A lot of players see spring practice as a necessary evil. At Penn State, though, players likely can't wait to get on the field.
Happy Valley has undergone a transformation in the past five months, ever since sexual molestation allegations against former Penn State defensive coordinator Jerry Sandusky were made public in November.
[ Related: Bill O'Brien eager to start practice at Penn State ]
At the time, Penn State was 8-1 and atop the Big Ten Leaders Division. But it all went downhill from there. A senior-dominated team won just once the rest of the way, including losing by 16 in a bowl game to Houston, and longtime coach Joe Paterno was fired in early November as part of the Sandusky fallout. Paterno died in January at age 85.
|Coach: Bill O'Brien (1st season)
Last season: 9-4, 6-2 Big Ten
Spring practice dates: March 26-April 21
(minimum 7 starts last season):
Offense (4): QB Rob Bolden, WR Justin Brown, TB Silas Redd, C Matt Stankiewitch
Defense (4): LB Glenn Carson, T Jordan Hill, LB Gerald Hodges, E Sean Stanley
Special teams (1): K/P Anthony Fera
The new coach is Bill O'Brien, a former assistant at Duke, Georgia Tech and Maryland who was offensive coordinator of the New England Patriots when he was hired by Penn State. Like Paterno, O'Brien, 42, is a Brown alumnus.
O'Brien takes over a team with holes everywhere. Penn State returns just eight fulltime starters – four on each side of the ball. The biggest concerns are the offensive line, which lost four starters, and the secondary, where all four starters are gone.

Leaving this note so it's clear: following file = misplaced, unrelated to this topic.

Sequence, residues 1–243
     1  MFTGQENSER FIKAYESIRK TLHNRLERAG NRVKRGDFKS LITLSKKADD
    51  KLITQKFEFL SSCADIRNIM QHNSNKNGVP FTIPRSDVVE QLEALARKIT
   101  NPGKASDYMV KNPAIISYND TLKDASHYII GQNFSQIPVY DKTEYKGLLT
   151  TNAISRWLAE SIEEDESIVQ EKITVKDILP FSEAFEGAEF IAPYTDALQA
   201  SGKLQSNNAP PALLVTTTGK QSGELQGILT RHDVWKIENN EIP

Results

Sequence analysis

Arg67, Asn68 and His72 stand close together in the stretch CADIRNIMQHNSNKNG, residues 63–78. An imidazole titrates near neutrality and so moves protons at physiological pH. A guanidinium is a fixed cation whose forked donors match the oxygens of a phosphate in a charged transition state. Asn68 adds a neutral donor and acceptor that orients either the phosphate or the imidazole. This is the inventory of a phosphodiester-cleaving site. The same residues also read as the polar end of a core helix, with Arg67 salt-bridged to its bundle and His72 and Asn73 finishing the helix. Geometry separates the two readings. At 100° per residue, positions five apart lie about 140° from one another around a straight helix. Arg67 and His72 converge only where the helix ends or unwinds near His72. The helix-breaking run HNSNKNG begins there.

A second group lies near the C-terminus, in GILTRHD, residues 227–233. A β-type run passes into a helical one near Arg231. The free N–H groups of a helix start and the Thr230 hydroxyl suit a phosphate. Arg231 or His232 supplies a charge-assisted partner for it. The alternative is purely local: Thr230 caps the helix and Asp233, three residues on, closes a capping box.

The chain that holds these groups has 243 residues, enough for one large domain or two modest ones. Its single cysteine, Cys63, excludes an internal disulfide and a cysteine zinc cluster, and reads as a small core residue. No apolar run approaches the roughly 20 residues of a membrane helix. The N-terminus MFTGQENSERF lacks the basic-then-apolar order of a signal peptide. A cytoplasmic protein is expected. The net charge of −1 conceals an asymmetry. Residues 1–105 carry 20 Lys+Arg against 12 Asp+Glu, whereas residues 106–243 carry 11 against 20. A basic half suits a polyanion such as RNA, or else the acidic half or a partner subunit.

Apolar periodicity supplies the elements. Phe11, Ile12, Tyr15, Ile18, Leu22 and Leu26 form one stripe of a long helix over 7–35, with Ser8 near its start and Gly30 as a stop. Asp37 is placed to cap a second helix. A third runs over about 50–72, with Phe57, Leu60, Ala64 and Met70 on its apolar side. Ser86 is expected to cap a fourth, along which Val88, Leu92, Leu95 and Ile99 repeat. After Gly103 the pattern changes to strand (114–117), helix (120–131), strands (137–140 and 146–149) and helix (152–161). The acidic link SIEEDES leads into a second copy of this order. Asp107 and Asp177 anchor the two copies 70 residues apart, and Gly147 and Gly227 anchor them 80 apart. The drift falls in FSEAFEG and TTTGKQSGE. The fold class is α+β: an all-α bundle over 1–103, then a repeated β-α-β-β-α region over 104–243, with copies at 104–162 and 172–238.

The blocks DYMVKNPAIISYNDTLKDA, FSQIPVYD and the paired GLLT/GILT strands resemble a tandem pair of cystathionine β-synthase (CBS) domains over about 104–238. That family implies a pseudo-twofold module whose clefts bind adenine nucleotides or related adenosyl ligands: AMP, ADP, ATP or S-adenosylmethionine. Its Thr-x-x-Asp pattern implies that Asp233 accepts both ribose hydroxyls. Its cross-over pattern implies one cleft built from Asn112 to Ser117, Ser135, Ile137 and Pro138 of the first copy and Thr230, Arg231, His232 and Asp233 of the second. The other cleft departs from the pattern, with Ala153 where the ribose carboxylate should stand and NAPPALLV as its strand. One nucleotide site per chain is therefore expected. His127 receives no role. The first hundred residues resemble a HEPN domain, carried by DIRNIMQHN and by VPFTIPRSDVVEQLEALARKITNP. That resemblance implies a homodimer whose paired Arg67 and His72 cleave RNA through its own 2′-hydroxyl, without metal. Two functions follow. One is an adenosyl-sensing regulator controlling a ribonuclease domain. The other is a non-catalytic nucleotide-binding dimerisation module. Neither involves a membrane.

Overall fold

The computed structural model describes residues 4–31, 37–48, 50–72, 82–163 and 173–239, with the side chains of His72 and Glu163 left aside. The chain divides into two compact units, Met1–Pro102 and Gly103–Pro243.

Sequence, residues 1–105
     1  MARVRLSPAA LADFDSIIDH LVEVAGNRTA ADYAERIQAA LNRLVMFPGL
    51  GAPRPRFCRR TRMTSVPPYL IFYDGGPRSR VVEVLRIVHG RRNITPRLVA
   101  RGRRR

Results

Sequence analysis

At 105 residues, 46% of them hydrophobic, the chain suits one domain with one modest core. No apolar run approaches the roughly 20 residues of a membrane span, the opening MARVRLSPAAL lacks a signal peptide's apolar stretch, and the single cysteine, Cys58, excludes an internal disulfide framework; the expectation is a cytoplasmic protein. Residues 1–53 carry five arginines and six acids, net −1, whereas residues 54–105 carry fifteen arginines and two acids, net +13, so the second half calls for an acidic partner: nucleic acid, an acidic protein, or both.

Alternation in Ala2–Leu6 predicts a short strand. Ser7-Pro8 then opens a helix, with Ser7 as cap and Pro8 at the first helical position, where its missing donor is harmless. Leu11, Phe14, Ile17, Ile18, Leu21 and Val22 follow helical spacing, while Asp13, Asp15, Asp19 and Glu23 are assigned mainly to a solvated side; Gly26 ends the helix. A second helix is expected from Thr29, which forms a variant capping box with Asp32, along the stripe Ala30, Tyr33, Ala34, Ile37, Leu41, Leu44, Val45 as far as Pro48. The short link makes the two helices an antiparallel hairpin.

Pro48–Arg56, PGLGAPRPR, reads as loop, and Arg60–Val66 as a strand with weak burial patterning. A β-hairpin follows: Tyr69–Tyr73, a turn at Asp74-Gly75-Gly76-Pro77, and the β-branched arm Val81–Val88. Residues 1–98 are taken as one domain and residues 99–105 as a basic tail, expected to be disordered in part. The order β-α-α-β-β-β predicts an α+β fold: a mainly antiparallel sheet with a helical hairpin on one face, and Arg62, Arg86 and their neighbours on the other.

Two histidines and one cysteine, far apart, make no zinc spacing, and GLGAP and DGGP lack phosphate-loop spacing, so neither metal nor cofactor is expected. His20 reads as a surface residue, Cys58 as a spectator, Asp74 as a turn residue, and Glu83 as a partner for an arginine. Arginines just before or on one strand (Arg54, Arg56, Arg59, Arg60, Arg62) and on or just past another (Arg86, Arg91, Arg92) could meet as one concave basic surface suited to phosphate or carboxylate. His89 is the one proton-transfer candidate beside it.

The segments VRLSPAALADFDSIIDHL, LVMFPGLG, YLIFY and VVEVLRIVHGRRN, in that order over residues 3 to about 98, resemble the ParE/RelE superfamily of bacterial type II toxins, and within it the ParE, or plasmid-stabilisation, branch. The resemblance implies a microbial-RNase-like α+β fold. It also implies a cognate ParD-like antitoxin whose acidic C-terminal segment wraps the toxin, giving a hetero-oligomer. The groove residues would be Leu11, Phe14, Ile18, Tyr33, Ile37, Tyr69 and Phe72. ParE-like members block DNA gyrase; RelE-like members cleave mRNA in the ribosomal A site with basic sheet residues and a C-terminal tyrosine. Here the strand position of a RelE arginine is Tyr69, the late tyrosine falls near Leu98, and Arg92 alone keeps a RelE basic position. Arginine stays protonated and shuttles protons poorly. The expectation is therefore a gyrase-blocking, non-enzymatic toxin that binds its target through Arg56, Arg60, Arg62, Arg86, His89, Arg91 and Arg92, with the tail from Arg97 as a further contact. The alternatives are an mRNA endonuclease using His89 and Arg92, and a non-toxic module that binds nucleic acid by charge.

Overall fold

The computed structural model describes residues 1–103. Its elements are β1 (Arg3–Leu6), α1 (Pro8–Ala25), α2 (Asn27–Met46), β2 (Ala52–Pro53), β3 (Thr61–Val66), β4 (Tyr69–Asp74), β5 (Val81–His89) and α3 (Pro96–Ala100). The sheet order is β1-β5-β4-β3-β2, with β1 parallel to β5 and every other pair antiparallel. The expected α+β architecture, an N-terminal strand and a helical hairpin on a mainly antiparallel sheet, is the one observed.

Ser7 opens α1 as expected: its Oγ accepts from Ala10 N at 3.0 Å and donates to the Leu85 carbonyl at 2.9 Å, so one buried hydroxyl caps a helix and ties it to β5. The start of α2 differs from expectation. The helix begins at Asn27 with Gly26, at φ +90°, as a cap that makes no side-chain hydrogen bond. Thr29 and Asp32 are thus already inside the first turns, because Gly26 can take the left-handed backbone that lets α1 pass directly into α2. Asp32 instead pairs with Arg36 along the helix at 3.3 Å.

Penn State's offense was all about the run last season; the Nittany Lions had 18 rushing TDs and just 10 via the air. Two quarterbacks started games last season, and both are back. But neither Rob Bolden nor Matt McGloin has shown all that much in two seasons of action. Bolden is athletic and has some running ability, but he also has seven TD passes and 14 picks in the past two seasons. McGloin has 22 touchdown passes but also 14 interceptions, and his mobility is limited.
TB Silas Redd should be the focal point of the offense and he has all-league potential. But will he be able to realize that potential? There will a rebuilt line blocking for him and a passing attack that is not going to engender any respect until the quarterbacks actually show they can pass consistently.
The defensive front seven should be OK though there should be some concern about the pass rush. LB Gerald Hodges should be one of the best defensive players in the Big Ten.
In the secondary, some inexperienced players need to show this spring that they can handle increased workloads. Depth could be an issue in the defensive backfield.
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- Penn State